NOTE: This is the second review for Amber Taylor's Blog Book Club. Welcome, readers... take your shoes off and stay a while! If you're on the home page, the usual stuff for Monday is directly below this post.
On Beauty is apparently an homage to E.M. Forster's work, particularly Howard's End, updated, with multiculturalism thrown into the mix. Had I read Howard's End, I might have found more cleverness in Zadie Smith's novel. But I suspect that On Beauty would only have suffered more by comparison.
The book sets out to tell the tale of two families of academics. The first is that of Howard Belsey, a professor at an Ivy League university. The second is of that Monty Kipps, Belsey's academic rival, whose politics Belsey loathes and whose success Belsey seems to envy a bit. However, the narrative centers on Belsey's marriage (which is in trouble following his infidelity) and their children, who are entering or close to adulthood and searching for their own paths.
Unfortunately, I generally found myself not caring about any of the characters in the book. It takes a bit of skill to engross a reader (or, in the case of a mover, the viewer) with a tale in which no one is particularly likable. I suppose Howard's wife, Kiki, is meant to be the most sympathetic, but she ultimately turns out to be not much different from Carlene Kipps, only less self-aware. Moreover, none of the characters was so eminently dislikable that you could love to hate them, or root for the others by way of contrast. Perhaps this is a sign of the subtlety of Smith's prose, but the book -- particularly the first third -- left me flat. I liked the second act better, but was left unsatisfied by the third.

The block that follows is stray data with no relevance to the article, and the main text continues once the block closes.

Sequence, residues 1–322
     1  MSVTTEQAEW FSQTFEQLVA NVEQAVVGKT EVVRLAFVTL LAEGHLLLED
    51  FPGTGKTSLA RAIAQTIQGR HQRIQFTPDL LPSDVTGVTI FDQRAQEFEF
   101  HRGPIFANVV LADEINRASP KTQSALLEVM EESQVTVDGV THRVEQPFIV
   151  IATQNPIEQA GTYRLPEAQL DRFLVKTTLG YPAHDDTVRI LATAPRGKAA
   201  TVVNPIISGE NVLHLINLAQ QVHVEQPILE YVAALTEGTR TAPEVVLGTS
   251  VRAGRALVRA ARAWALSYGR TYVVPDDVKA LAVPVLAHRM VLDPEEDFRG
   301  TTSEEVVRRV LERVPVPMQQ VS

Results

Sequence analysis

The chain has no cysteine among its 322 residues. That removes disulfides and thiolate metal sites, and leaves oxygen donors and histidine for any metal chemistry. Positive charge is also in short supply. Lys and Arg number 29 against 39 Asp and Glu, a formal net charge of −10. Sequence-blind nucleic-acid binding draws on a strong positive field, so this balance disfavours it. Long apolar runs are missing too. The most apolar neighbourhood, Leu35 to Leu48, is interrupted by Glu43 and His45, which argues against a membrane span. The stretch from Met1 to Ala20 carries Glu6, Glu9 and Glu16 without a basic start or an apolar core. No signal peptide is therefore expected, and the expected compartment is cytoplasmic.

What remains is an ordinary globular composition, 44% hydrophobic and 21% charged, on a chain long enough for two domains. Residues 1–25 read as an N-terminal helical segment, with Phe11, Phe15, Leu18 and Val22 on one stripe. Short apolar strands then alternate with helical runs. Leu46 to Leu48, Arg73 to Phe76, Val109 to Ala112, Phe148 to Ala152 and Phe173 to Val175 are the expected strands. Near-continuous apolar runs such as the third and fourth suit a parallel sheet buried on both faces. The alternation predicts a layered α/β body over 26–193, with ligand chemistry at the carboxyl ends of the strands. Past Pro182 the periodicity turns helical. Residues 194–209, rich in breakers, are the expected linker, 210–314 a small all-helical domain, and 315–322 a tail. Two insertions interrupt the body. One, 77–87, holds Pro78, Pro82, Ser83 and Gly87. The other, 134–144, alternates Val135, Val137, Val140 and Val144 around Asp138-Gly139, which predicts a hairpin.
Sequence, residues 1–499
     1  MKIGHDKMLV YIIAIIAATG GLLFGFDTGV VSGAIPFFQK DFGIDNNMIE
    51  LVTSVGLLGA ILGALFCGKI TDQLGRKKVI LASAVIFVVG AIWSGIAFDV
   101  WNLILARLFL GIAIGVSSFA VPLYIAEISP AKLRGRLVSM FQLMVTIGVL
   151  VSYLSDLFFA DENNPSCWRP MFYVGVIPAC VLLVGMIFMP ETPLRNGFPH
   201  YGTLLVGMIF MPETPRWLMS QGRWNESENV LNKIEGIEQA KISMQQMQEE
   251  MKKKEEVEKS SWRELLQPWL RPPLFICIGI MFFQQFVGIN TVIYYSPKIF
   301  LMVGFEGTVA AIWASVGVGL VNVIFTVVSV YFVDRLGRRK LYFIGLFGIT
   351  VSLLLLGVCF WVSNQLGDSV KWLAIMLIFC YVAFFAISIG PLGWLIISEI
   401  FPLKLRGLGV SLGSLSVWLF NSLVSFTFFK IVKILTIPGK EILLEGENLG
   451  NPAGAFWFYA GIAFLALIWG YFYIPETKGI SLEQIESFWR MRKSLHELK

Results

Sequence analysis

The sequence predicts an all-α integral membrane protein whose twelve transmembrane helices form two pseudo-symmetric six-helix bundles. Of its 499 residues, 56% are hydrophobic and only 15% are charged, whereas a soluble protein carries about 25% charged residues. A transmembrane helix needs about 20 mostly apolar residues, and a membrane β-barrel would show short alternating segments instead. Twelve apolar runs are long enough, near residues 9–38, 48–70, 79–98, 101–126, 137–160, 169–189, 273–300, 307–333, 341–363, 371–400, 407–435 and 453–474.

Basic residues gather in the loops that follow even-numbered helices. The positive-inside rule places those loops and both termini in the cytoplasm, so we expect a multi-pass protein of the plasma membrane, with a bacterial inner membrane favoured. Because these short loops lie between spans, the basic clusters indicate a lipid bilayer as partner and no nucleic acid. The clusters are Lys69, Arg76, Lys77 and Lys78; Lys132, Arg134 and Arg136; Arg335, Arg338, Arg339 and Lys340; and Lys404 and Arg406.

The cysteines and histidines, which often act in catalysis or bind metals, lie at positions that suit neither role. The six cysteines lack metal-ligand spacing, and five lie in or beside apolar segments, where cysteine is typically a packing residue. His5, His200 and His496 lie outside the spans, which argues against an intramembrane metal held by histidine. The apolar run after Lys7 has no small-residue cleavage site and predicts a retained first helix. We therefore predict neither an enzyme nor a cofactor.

When I don't care much for a story, the nitpicking items grate all the more. Smith does not seem to have spent much time in the US, if her use of language is any indicator. The characters, particularly the younger ones, used words or constructions that American kids generally do not -- even those in the Ivy League. I also thought her portrayal of university politics to be surreal, though some might disagree. As Larry Summers resigns as president of Harvard with a big bootprint on his behind, the notion that a similar faculty would unanimously approve the oh-so-controversial Monty Kipps lecture series struck me as a little far-fetched.
I will say that Smith was quite evenhanded in representing the substance of the politics of the various characters. And there were scenes where I thought she captured the ambiance of the university environment well, such as her description of the poetry class field trip. Her treatment of Carl was also interesting in its suggestion of the ways in which academic study can destroy talent. But I've already heard that analyzing humor is like dissecting a frog -- the subject tends to die in the process. Thus, it was interesting, but not enlightening. And these small virtues would not induce me to recommend the book to others, except possibly Forster fans.
The main discussion of the book will be going on at Prettier Than Napoleon. Next month's selection is Saturday, by Ian Mcewan. Feel free to join the club.